" apparent self-objectification may be used as an expression of one's respect for, understanding of, or desire for change in other people in society, in appreciation or distaste of one's own treatment, and people are free to express themselves in any way they want - whether it by intentionally dressing, talking, shouting, looking, staring, ignoring, shunning, filtering, walking, running, dancing, or driving "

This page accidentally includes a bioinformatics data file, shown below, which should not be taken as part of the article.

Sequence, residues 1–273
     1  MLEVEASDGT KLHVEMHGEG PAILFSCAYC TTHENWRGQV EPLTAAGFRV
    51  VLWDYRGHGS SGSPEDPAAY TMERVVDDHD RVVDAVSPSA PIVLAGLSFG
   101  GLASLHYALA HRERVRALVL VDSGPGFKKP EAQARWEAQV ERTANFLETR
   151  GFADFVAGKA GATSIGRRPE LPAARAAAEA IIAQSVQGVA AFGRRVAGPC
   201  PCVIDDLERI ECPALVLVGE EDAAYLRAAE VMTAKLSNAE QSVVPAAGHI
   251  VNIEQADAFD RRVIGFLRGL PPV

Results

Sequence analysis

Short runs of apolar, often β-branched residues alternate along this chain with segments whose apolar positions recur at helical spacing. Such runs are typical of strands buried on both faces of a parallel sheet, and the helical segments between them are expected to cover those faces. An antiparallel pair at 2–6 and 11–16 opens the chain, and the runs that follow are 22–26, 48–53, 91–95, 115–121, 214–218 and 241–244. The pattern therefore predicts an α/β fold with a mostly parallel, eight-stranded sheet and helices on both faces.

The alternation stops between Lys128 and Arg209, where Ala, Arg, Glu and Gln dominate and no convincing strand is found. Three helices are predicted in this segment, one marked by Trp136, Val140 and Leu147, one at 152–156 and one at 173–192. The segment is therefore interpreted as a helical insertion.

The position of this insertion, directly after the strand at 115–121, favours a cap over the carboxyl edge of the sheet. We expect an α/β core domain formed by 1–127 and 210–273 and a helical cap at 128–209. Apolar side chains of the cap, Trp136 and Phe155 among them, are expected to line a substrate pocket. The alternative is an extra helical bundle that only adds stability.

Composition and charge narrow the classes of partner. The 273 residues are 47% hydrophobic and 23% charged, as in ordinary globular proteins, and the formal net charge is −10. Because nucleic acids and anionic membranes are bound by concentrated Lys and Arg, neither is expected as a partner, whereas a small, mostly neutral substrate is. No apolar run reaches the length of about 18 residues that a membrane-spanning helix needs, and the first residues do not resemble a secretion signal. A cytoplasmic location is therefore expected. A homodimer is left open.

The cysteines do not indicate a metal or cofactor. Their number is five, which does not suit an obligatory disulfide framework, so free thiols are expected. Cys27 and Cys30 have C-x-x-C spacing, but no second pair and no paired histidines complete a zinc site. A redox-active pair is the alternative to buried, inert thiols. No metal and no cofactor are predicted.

- philosophy of the body  


of the


Philosophy of the Body



" apparent self objectification generally presents a contradiction between the demonstration of being an object (eg body presentation) and being a subject (eg hair length, facial/body language) "

- philosophy of the body  

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